One of my favorite festivals, which I have written about before, is the Fiera dell’Aglio in Voghiera. This sagra of all things garlic showcases one of the most renowned varieties of garlic, a gastronomic treasure that even has the status PDO (Protected Denomination of Origin).
So what is a sagra anyway?
If you’ve driven around the Italian countryside, you’ve probably seen the signs. Sagra di <insert seasonal crop here>. The signs are always in Italian and often handwritten, but easy enough to figure out. A sagra simply means a local festival to celebrate the bounty of a harvest. Generally a menu fisso (fixed menu) ticket is sold and local chefs showcase their passion for cooking by preparing a plate full of dishes all including the sagra’s namesake ingredient.
If you’re expecting carnival rides and t-shirts with garlic plastered across the front, you won’t find them at the garlic festival. But you will find local shop keepers selling their wares like local salami (with garlic, of course!), cherry wine and beer, and even roast suckling pig (which was delicious, by the way!).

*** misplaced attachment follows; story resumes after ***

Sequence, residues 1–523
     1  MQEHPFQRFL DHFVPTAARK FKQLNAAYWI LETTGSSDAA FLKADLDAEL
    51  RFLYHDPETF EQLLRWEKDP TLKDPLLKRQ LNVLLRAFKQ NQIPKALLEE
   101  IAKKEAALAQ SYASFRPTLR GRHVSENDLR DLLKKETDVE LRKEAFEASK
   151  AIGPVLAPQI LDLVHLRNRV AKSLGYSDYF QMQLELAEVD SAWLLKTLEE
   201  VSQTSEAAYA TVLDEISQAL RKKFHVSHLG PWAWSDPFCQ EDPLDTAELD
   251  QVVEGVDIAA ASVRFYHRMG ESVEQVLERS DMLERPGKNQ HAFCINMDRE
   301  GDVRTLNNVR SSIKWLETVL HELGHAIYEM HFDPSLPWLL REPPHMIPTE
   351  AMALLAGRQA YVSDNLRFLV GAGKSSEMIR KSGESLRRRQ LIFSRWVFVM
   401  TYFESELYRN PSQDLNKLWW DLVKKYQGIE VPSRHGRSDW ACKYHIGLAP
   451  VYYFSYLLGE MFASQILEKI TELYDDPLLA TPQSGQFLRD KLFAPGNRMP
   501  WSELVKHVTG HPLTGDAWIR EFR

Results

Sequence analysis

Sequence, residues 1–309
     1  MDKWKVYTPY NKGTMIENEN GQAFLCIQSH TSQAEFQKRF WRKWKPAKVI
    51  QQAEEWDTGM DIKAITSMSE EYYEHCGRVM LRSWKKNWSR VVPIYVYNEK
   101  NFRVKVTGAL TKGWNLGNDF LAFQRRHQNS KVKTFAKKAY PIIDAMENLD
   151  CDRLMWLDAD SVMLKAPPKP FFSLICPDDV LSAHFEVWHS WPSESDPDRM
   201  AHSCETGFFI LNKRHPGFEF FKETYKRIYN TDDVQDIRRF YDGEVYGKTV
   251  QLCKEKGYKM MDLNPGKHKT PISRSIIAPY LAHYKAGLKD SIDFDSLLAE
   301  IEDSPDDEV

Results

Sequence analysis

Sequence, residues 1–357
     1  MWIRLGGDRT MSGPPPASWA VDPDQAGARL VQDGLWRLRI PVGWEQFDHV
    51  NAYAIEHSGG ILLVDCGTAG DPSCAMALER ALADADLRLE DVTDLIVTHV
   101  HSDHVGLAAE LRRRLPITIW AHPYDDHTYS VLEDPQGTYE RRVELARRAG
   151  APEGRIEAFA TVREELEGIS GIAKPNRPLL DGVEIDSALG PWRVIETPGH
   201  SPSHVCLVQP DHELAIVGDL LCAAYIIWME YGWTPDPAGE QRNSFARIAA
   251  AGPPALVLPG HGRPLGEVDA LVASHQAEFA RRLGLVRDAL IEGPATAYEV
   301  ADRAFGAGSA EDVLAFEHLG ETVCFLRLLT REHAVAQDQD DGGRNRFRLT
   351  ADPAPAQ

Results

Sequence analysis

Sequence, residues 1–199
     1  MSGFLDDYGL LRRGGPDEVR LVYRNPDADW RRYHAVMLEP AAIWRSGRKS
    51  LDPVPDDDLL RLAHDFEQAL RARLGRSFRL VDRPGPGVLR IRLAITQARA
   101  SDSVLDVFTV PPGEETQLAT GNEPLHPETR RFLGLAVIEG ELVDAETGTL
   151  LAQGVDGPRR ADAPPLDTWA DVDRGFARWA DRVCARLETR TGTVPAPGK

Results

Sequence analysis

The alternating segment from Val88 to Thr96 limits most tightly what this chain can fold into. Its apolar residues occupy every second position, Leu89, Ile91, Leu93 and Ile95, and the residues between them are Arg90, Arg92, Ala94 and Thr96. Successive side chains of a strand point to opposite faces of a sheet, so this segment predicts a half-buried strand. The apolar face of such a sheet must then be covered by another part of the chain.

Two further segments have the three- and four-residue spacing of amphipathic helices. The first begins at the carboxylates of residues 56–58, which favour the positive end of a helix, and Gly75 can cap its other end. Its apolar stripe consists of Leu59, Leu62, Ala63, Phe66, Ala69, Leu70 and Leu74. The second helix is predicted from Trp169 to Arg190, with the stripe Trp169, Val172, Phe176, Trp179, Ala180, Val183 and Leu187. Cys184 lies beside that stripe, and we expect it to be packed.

At the garlic festival, a menu fisso ticket costs €18 per person. That may seem expensive, but I totally think the meal is worth it! I eat a very light lunch in anticipation of literally stuffing myself at the garlic festival. The menu fisso includes ravioli in a garlic sauce, french fries seasoned with roasted garlic, garlic bruschetta, garlic sausage, garlic-breaded pork kebob, garlic seasoned steak, a slice of melon, a nectartine, and a nectarine torte for dessert.
My friend Nicole and I took our plates of food, the scents of garlic wafting in the air, to the communal tables and dug in. As I mentioned, a sagra is a local festival and when you’re not a local and you’re American, you tend to attract some attention. Always friendly, the people of Voghiera have welcomed me to their festival for three years running now and are always a bit curious as to how I learned about this little town fair.
And of course, no visit to the garlic festival is complete without trying some of the famous garlic gelato only found here in Voghiera. Garlic isn’t a gelato flavor I’d order everyday, but when at a garlic festival, do as the Voghierans do!
How To Find a Sagra
If you want to know what sagre (plural of sagra) are coming up, check out Prodotti Tipici which lists sagre by region.